Even as data from the municipal corporation reveals that only 5% of the housing societies in Mumbai segregate their waste, a four-building multi-storeyed apartment complex in Parel is setting an example by segregating 100% of its waste.
As many as 510 families of Ashok Tower, Parel (West) have created a waste management model that separates trash into seven categories — metal, plastic, paper, e-waste, organics, glass and mixed trash — and includes provisions for recyclable items and compostable organic waste.
With the help of waste management experts RUR Greenlife (Are You Reducing Reusing Recycling), residents held meetings that were attended by housekeeping staff. “A team of 20 people were trained to go door-to-door colllecting waste last September after residents were taught the benefits of waste management and the amount of carbon-saving that occurs when trash is dealt with at the source,” said Payal Kalra, management committee member.
The housing complex segregates their waste at separate locations for each of the four towers. “Earlier, waste was collected in a haphazard manner but after workshops were held, there has been a massive reduction in the waste sent to the city’s dumping grounds,” said Nitya Sundaresan, another member and resident.
The society generates 360kg of organic waste such as fruit and vegetable peelings and discarded food. Of this, 70kg collected from one tower is sent to six compost drums that use aerobic bio-composting — micro-organisms — to turn it into nutrient-rich compost. The rest is collected by the municipal corporation, however, once the society increases the composting capacity, the residents plan to compost more of the organic waste.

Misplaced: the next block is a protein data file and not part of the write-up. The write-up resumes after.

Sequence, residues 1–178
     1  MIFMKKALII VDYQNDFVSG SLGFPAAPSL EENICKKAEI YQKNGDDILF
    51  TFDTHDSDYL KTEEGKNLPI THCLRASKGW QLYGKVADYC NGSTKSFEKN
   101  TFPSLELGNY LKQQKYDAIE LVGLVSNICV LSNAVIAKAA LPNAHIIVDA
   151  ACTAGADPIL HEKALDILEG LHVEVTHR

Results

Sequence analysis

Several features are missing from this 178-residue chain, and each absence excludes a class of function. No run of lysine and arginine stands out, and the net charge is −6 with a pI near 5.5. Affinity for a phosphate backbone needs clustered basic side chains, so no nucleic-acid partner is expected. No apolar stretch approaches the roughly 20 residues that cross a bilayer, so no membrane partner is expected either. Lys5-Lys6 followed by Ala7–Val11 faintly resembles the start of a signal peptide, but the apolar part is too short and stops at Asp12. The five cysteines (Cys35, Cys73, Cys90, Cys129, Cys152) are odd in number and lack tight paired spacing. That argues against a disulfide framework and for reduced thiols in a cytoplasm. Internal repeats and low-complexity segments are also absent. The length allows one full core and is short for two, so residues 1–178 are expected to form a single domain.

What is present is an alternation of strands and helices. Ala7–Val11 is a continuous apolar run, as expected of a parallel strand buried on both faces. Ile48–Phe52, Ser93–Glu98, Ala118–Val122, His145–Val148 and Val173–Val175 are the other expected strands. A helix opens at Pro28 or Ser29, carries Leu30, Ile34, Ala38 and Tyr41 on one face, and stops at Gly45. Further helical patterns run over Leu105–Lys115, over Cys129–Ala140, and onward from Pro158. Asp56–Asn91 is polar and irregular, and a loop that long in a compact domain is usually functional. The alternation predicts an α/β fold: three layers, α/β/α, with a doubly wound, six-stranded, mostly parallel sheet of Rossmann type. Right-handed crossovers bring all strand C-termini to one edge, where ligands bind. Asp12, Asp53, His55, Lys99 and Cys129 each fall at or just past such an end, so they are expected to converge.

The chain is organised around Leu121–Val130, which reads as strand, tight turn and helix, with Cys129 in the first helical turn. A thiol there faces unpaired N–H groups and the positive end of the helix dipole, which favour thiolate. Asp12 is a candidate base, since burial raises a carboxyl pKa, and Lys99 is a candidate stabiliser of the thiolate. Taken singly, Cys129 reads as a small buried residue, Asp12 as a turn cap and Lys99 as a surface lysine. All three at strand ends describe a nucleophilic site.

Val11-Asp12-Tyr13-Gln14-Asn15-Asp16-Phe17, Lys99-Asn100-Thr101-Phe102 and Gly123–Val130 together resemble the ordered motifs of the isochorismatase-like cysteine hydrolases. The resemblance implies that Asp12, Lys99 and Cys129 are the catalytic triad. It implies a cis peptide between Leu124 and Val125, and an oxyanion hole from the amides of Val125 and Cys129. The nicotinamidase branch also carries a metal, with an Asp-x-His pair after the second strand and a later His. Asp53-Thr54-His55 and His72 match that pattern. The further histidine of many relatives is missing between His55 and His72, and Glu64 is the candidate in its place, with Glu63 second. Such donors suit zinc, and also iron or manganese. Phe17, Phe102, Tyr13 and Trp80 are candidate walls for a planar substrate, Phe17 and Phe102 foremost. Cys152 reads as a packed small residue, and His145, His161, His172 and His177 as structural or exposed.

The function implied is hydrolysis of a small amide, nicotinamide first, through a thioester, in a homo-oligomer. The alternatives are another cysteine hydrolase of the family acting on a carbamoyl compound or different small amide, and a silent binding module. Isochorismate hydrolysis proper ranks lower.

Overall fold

The manure is used to nurture more than 2,000 potted plants across the 12.5acre complex.“The manure is used to grow chilli, ladyfinger, brinjal, tomato, curry leaves and others at a herb garden atop one of the buildings. It is also used to nurture fruit-bearing plants such as chikoo, jackfruit, pomegranate and drumsticks at a quarter-of-an-acre fruit garden,” said Juhi Nag, another resident.
Inorganic waste amounting to 500kg a day and 200kg electronic waste, collected once in two months, is sent for recycling to individual NGOs through RUR, with the help of the civic body. “The only major waste that is sent to landfills is biomedical waste. This too is properly segregated so civic body officials do not face problems,” said Trikam Solanki, estate manager.
The society treats its run-off from washrooms at a sewage treatment plant located on the southern side of the complex. Everyday, 80 kilolitres of sewage water is treated and reused at gardens and flush tanks across the complex. According to Mumbai’s municipal corporation, an average Mumbaiite uses 135 litres of water every day.
According to a report by the civic body’s solid waste management department, only 14,000 of an approximate 2,65,000 housing societies, buildings and gated complexes across the city’s 24 wards segregate waste.